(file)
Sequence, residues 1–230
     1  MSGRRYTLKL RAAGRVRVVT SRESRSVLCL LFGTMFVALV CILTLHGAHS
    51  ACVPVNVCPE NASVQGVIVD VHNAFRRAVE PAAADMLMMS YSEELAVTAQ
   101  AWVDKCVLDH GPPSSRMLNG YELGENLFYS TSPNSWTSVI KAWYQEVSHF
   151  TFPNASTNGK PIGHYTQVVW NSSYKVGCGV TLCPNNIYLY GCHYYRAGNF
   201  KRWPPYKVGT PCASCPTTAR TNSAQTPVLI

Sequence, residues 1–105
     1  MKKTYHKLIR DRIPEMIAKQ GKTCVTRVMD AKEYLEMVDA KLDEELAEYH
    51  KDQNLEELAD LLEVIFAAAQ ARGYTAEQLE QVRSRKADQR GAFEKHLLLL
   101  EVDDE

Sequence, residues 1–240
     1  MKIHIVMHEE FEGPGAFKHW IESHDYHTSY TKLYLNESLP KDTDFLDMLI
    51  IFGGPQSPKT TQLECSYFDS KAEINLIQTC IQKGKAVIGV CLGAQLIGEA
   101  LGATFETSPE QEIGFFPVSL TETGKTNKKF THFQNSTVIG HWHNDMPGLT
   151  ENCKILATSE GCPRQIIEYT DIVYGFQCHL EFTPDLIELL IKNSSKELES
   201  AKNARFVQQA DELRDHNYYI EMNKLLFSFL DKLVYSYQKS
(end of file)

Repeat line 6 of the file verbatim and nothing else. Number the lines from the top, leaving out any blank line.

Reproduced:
   201  KRWPPYKVGT PCASCPTTAR TNSAQTPVLI